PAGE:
Lynley Huguenin describes being a Bali bombing victim, 2008

Transcript of interview

We were at Paddy's Bar, on the dance floor. There was a round bar in the middle and the back of the dance floor and the toilets came in off that. And that particular night a person walked in with a bomb strapped in the backpack and detonated it at the back of the dance floor about 1 m away from us ... where we evidently landed and got blown in the air, landed on the other side of the bar. And at that point, when I finally did realise what was going on, I stood up to find myself on fire down one side of my back and neck. And automatically common sense comes to you straight away and the things that you learn in primary school become very clear and I straight away dropped and rolled to extinguish that, and then proceeded to find the girl that I was out with that night, under a bit of rubble. Got her out and luckily for me my immediate instincts were to run and to get out. So we managed to get out on the main road, through all the debris, over the other people and bodies and everything ... that you ... luckily, I don't know, your body was an amazing thing that particular night and decided to ignore a lot of what you actually see and you don't quite remember minor or major details of things that you do see ... And got out onto the main road where a young Balinese boy was there with his mum and he put us on the back of the motorbike and we got back to the hotel and people didn't know what had happened. So we screamed at the hotel staff to let us get up to a room and to get us some help and everybody stood around just looking and staring at these two people that were covered in black soot and dropped-off skin that looked like burnt tyres. And we ran up the stairs to Kim's parents' room and that was when we got the help, and some other people in the hotel came to help us. They took me to a hospital and that's when we started to get the treatment over there.

I had 30 per cent burns to my body, upper body mainly, just due to the clothes that I had on on the night, and shrapnel wounds and holes right through, so bits of glass and debris from the actual building was all shot into us, so I still have little bits of metal that come to the surface occasionally ... but other than that, in Bali they treated us enough to give us a drip to help function in terms of fluid intake and then we were airlifted to Darwin where they made sure that we were fine, gave us new drips and so forth, and then sent to Melbourne where I had all of my skin grafting done there. So they take the skin off other areas of the body that were still OK and they pierce that with little holes to be able to cover larger areas.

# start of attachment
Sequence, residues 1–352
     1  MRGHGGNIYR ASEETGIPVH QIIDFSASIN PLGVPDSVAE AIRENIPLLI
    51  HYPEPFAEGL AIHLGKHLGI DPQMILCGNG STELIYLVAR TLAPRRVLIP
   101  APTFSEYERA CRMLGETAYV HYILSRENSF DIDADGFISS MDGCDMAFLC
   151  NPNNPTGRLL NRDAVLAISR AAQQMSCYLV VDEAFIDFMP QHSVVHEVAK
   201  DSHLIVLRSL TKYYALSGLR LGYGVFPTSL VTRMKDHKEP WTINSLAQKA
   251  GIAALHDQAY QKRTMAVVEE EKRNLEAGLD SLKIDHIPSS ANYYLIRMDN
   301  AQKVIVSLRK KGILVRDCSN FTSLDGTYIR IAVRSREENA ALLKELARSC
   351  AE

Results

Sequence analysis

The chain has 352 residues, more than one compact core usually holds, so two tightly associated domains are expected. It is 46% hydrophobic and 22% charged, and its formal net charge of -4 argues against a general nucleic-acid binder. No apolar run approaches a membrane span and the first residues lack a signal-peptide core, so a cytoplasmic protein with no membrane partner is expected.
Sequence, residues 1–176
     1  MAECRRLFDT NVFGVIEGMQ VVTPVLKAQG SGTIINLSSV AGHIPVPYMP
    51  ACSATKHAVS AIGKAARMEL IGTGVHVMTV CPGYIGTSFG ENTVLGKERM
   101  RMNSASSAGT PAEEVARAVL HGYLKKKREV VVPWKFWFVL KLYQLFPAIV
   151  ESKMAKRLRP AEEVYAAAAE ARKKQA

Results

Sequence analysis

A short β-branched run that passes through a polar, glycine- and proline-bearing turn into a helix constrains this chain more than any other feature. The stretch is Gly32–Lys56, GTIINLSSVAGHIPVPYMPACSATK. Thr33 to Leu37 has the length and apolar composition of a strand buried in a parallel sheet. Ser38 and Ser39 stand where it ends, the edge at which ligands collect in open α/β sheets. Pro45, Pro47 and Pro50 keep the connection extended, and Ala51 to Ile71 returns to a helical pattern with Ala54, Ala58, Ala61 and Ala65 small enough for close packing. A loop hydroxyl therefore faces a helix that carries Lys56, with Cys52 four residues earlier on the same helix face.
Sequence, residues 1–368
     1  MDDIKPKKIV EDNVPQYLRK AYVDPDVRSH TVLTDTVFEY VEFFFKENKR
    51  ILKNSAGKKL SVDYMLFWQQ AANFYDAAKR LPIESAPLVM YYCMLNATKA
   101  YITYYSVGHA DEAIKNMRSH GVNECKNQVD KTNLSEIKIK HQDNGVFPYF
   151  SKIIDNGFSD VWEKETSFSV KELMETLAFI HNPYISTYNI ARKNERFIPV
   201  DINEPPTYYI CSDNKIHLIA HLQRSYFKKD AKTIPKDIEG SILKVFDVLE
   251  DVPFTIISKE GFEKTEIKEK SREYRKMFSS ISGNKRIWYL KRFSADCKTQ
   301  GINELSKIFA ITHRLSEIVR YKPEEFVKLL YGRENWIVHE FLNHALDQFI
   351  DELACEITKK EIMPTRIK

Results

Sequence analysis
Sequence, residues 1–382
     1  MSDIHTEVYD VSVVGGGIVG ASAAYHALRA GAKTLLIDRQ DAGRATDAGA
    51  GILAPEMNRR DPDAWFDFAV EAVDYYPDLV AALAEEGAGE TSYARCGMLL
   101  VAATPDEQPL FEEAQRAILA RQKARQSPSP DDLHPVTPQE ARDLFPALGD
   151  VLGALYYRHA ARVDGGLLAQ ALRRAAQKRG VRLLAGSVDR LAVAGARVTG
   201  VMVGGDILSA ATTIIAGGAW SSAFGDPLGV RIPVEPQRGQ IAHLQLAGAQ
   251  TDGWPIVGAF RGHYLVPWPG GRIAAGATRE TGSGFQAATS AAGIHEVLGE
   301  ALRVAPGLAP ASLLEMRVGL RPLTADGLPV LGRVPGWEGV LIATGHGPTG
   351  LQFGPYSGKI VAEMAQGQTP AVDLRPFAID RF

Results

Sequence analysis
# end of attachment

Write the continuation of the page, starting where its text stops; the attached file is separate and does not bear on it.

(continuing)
So that was where I was in hospital for six weeks in Melbourne, and then wore pressure suits after that for 12 to 18 months. And since then I've chosen myself to go and see a specialist over in Adelaide who does the new technique, the 'spray-on skin'. So he actually buffed back all of the grafting that I had done in Melbourne to give me a smoother finish and then sprayed on new skin over the top of that. So it's probably looking the best that it could in terms of that, but the treatment is ongoing.

I probably wouldn't choose to go through it, but at the same time what I've learnt about myself and strengths and everything, I don't think that I'm a bad person, as in I don't think that I reacted the wrong way. I don't blame Bali as a society. I still continue to work and go there whenever I can. The people are beautiful. It's just the minority that have the belief that this is the way to treat people and to show their point. But, on the whole, I don't find that it's the society's fault or the people's fault that are there. I think that it could happen anywhere. I don't want my children growing up seeing the world in a picture book and not wanting to be able to travel because of the fear of what could happen outside of our four walls. So I don't have any inhibitions in terms of travelling and I don't think that people should grow up thinking that the other side of the world is only something that they'll ever see in that book; that they should get out there and experience life. We can't guarantee that it's not going to happen in our own towns, so you just should continue and show the strength that you have, which is to fight the people that are doing it and to keep travelling and keep doing what you love.